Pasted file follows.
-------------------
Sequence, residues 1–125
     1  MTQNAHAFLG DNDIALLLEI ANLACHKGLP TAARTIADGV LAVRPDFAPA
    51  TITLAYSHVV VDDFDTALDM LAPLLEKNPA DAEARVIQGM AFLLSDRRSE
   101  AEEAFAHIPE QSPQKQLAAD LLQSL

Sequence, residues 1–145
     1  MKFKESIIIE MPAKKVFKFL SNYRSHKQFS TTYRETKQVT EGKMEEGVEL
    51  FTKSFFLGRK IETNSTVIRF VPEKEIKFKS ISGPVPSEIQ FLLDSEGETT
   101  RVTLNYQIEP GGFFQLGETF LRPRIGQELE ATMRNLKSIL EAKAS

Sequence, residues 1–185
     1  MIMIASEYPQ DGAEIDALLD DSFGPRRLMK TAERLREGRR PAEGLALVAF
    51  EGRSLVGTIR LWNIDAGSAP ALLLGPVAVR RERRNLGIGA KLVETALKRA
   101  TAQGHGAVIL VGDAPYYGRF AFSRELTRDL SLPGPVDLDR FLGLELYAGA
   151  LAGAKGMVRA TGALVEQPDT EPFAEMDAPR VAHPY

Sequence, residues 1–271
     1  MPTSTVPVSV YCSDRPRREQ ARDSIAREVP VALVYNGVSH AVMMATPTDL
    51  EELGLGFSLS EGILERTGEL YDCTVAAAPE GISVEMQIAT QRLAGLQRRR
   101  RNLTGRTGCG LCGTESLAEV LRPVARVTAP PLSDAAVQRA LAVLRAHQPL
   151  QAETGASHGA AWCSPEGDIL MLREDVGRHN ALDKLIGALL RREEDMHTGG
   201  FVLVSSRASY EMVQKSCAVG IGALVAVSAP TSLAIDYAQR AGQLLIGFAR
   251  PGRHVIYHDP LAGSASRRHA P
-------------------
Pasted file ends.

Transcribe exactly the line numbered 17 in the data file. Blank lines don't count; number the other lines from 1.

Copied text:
   101  RNLTGRTGCG LCGTESLAEV LRPVARVTAP PLSDAAVQRA LAVLRAHQPL